“Politically Homeless – a Five-Year Odyssey across Three Continents,” published in June 2015 by Authorhouse.com, is the story of my itinerant life in the 1960’s, in pursuit of higher education. This volume is available in e-book and paperback formats at Amazon.com and other digital stores, or in regular bookstores.

Reaching a Milestone

I am finished. No, that sounds wrong. I am finished with my book. Does that mean I have thrown it out? I have finished my book invites the question: finished reading or finished writing? I have completed writing my book. Well, this sounds clearer. Now that I am going through the labor pains of putting all the pieces together: table of contents, acknowledgements, dedication and other boring stuff, I am already dreading the post partum despondency that happens after a book is sent in for publication. I hang on to the book like a treasure and am tempted to lock it up in a bank drawer. I have become tyrannically possessive. It’s like taking your first-born to kindergarten and dreading to leave the child there.

Did I mention completion? Can you imagine the audacity of writing a book in a foreign language? How about reading it over for the nth time, revising some, wondering if I missed a crooked sentence which may happen in the mire of translating from Armenian, my mother tongue; English learned at high school in Cairo; and American since I came to the United States. I still struggle with prepositions, compositions and oppositions. A few other sterling words seep in, like ambiance, kismet, raison d’etre that lose half their flavor translated into Amerenglish. Expressions like “you’re pulling my leg,” or “working the graveyard shift” throw me off completely, because I take them literally.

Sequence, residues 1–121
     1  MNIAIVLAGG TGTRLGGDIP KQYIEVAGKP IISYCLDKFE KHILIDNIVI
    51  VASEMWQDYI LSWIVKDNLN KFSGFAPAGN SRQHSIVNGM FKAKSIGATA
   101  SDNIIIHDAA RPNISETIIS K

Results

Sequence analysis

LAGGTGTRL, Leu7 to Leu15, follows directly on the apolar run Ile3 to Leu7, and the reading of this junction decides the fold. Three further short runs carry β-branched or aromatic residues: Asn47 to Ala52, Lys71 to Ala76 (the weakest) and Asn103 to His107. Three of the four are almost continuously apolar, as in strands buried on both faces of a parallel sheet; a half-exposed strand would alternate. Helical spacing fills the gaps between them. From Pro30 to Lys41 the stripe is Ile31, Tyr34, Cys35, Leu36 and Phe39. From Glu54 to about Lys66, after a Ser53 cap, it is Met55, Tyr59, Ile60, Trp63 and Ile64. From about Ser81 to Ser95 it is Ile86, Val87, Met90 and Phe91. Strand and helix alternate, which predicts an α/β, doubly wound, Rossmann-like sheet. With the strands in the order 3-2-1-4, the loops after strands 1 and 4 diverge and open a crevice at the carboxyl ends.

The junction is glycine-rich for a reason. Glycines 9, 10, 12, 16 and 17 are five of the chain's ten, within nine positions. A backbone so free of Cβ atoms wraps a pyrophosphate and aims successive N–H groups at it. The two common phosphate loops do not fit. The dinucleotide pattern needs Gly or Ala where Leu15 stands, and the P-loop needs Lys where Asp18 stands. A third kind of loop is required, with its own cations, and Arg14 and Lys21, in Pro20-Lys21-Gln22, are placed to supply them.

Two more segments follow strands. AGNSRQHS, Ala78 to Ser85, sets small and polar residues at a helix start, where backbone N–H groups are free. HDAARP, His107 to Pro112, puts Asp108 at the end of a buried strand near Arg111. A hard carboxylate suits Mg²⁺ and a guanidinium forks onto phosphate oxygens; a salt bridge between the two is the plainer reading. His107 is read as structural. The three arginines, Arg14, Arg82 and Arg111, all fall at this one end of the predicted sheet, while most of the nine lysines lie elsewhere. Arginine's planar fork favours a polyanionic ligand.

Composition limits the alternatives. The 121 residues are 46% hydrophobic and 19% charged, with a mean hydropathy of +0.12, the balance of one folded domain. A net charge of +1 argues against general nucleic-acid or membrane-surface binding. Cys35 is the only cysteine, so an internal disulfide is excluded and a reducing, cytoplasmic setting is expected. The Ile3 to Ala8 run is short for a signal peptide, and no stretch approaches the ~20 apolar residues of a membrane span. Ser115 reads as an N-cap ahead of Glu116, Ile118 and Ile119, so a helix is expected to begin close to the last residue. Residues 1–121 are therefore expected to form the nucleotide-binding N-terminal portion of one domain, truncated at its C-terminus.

The book has passed the editing stage long ago but it is still on final revision – it has been on final from the second to the eighth version. I still find erroneous sentences, words underlined in red by the computer, a missing comma here, a capital letter there, quotations marks that I have not closed. When does it end? We crossed quite a milestone together. We went through critiques, computer hacks, identity theft, personal health problems, and other hair-raising distractions like losing seventy-five percent of the edited data without hope of recovery. Comparatively speaking, changing the title was a child’s play.

Reviewing my writing  itinerary was eye-opening. Now, would I be able to face doomsday when I part with it? Did I mention all that needed to be told? Did I overlook a life-changing event in my all-important memoir? Yes, I could include a few more but the original assumption that my book would end in three chapters has already grown into two volumes, putting me into competition with the Encyclopedia Britannica. I look back and marvel at the transformation I went through. I never expected that this quiet and silent girl who as a young adult had to ask for permission to go out of the house, escorted by her brother, crossed three continents alone in search of a niche and settled in the fourth one, a hemisphere away.

In writing this memoir I found the real me.